Silverback picks up his opponent and slams him against the cage’s metal fence walls. The outline of the fence’s diamond pattern is etched on his back due to the pressure of Silverback’s weight. As the crowd hollers in support, I cringe. I turn away when Silverback’s opponent is thrown on the ground, yet I can’t help but look in frozen awe as brutal strength wins out. No match for Silverback’s ability, this MMA (Mixed Martial Arts) match was soon over.
Why was I here again? Oh yes, my friend Lacy J. (you all know her by now) studies Jiu Jitsu and she knows Silverback, aka Russ Edwards, who is an instructor and was fighting in his first pro MMA match. She wanted to go, and guess who again gets to be the lucky companion. Going to an MMA or boxing match was on my 50 Weeks to 50 list anyway, so it all works out. And again, it was a spur of the moment plan. She had just found out about it that morning. I really had a ton of other things to do (our school 5K was the next morning), but Lacy assured me we wouldn’t be long since we were just going to stay until Russ was done with his match; and for some reason, we assumed (you will see wrongly) he would be fighting early.
First, we should have realized it would be a long day, when after committing to go, we then found out the matches were in Valley Center, which according to Google Maps would take us almost an hour drive. Ehh, no big deal. Lacy picks me up and we update each other on our lives, and before you know it we exit off the freeway and head east towards the hills past Escondido. After a few miles of windy roads, our Google maps app points us towards an empty hillside, and no place to turn around. We find a way to head back and try to look around towards the other direction of the T in the road. We then see an open dirt lot with white tents, and a big open-sided metal roofed building. We also see a sign that says parking $5 — I guess this is it. Not quite what I expected. What did I expect? I thought it would something like a casual type of boxing match in an enclosed arena setting, and felt I should dress appropriately with a cotton black dress and elevated sandals. I definitely did not expect the matches to be held in an open venue on a dirt lot. Have I been transported to the deep south? Hope I don’t twist my ankle walking along the uneven dirt and rocky landscape.
Since tickets were what I would consider pricey, we get standing room only seats for $35 each. Luckily we were there early enough to find standing room space pretty close to ringside. Unluckily, we didn’t realize these MMA fights work in Filipino time, meaning they don’t start promptly — not even close. We also didn’t know there were a heck of a lot more matches scheduled than we anticipated, and like boxing, they start with the flyweight divisions — Russ is a heavyweight. Needless to say, the no big deal to stand attitude at the beginning kinda wore us down by the time Russ entered the cage, which was over six hours later at around 9:00 pm. (What time was I supposed to be at the 5k to set up the next morning?)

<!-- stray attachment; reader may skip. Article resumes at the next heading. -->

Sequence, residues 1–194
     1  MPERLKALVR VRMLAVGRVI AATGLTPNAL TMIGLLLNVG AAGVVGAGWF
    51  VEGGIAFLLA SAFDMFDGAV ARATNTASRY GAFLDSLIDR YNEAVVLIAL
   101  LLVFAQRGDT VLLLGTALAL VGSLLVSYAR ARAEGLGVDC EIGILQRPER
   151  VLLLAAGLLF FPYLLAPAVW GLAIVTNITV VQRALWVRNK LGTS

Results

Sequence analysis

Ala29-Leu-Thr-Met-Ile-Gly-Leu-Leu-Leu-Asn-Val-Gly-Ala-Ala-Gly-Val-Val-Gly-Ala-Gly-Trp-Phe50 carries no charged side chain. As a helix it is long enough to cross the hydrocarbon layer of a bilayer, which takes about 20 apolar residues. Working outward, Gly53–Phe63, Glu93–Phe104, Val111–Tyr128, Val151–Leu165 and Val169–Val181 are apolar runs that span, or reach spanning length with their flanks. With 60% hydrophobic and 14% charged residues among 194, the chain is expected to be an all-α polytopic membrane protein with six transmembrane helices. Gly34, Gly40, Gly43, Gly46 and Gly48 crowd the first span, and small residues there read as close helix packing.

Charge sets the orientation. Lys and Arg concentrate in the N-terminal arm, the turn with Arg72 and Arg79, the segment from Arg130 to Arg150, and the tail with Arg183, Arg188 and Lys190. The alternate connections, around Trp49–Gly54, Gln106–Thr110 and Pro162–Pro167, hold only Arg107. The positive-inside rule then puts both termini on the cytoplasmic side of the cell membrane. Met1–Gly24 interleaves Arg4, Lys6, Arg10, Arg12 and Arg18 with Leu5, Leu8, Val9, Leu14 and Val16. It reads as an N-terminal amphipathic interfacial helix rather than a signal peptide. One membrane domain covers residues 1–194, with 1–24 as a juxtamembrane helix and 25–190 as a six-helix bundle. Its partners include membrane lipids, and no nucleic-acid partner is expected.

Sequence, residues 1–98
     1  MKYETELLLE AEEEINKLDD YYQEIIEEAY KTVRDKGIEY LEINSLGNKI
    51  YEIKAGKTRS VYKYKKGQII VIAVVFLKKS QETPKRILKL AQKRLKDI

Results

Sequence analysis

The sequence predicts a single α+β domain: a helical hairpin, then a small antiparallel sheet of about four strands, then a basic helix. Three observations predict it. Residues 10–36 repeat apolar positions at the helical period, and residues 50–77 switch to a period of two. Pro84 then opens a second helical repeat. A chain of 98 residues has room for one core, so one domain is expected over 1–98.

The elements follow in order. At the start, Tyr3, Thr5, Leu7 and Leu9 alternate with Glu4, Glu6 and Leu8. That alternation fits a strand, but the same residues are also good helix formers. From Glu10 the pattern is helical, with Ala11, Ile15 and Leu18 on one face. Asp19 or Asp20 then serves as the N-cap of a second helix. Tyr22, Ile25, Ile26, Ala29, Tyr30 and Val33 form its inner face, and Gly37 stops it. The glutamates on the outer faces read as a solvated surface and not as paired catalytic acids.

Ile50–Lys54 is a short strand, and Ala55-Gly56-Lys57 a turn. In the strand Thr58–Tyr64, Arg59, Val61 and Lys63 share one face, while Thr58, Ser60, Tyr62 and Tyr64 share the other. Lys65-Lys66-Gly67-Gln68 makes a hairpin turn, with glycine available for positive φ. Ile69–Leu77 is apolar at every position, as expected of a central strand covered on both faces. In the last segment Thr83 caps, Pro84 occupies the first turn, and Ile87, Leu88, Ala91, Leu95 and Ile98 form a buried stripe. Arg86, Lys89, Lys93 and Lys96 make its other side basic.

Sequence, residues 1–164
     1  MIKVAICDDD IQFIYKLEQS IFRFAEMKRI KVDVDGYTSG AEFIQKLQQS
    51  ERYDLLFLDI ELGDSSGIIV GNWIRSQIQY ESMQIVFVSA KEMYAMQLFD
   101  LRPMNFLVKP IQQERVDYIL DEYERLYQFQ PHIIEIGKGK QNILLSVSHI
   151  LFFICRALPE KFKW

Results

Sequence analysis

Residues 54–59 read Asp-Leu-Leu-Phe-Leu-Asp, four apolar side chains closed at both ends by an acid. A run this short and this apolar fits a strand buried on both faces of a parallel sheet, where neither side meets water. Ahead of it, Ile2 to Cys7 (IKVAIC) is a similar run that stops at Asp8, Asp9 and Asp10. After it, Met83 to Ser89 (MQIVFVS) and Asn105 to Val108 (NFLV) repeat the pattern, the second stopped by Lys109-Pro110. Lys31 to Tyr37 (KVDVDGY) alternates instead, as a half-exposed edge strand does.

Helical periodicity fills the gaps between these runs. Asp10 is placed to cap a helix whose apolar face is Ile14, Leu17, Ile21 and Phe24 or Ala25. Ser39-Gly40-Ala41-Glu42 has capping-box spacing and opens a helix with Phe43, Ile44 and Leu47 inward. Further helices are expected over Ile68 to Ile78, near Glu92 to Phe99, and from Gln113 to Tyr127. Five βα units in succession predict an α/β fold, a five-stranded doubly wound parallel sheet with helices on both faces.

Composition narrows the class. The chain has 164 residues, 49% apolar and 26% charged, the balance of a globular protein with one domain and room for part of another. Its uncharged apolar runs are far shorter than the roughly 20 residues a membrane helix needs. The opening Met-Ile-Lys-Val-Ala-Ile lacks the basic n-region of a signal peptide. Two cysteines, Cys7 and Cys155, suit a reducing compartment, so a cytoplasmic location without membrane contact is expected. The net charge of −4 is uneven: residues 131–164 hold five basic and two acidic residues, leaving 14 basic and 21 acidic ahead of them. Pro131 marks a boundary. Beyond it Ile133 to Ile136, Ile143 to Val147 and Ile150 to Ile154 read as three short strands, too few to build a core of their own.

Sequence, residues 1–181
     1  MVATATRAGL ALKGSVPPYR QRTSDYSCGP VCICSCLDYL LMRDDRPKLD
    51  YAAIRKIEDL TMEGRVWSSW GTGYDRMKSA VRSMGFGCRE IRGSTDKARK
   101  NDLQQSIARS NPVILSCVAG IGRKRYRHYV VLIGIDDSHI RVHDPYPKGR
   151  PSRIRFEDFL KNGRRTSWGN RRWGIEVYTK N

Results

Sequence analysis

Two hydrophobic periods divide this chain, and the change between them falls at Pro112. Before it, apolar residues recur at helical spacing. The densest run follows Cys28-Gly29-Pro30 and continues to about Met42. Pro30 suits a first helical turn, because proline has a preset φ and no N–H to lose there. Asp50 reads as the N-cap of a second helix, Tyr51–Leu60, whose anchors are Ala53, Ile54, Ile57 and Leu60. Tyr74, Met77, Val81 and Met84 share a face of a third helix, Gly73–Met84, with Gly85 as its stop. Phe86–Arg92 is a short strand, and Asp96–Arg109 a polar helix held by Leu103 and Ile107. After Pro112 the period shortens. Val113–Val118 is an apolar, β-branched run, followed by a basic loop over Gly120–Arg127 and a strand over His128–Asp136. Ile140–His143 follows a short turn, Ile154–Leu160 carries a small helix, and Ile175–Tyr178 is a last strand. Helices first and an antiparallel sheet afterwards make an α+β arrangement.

Now, I am an MMA novice, I’ve never even watched it on television, but the whole idea of it seemed interesting. The current movement was created through a combination of Brazilian Jiu Jitsu and wrestling, and popularized by the Gracie family challenges in Brazil, held in gyms and garages starting in the 1920s. The MMA competitions were introduced with the first Ultimate Fighting Championship (UFC) in 1993, and Royce Gracie won the first tournament. The Gracie’s are like the royal family of jiu jitsu and MMA, which by the way Lacy trains under and they have a studio in La Jolla down the street from my office. I like the idea that it is a sport that combines all types of martial arts: Jiu Jitsu, Karate, Muy Thai, Wrestling, Judo, Kickboxing, and yes, Boxing too.
I probably paid attention to the first one the most, mainly because these kids could have been my sons. The flyweight division is up to 125 lbs. and they looked like they were still in high school. Well, actually yes, the amateur winner had to immediately leave to go to his prom. Apparently the limo was waiting, I hope he took a shower first. He had his parents there along with a bunch of friends, very exciting for him. Good thing the match wasn’t that long. He knocked out his opponent in the first round.
What did I notice during the numerous fights we witnessed:
- they make sure the cage is locked real tight, like they’re wild animals that might get let loose
- the EMTs were very handsome
- the fighting reminded me of all the wrestling matches I watched in high school (Go Canyon Comanches)
- I liked it when the fighters bowed and greeted their opponents and used more of the eastern martial art techniques with lots of kicks
- it seemed to be a pretty young crowd, lots of tattoos, shaved heads and beards, and lots and lots of muscles
- they do cup checks and make sure there isn’t Vaseline rubbed on the shoulders
- you can’t kick the groin, but you can kick the inner thighs
- there was your typical T&A going on – the girls walking inside the cage announcing the round, and the vendor girls in skimpy shirts and undies, I mean shorts (shouldn’t there be guys walking around barely naked for the female fights, just saying, equal rights you know)
- it was hard watching the match when there was a “ground and pound” move going on – one guy is basically sitting on top of the other and pounding his head
- there’s a lot of guillotine chokeholds that are tried, many that end up getting called
- it seems smart to use the fence to push off towards your opponent
- it was a fun atmosphere, with random strangers talking to each other
Again I will note that I have never seen a headline professional MMA match, even on television, and I hear they are much bloodier. But I felt the matches I saw were really quite civilized and not too brutal – which is why I really hate to watch boxing matches, to me they seem brutal. But as part of my journey, I’m trying to put myself in situations that may not always be comfortable. As a side note, I have also seen cock fighting matches in the Philippines. I know it is illegal in the U.S. and people have gone to jail for holding such fights, but in the Philippines it is part of the culture and is big business, with lots of gambling going on.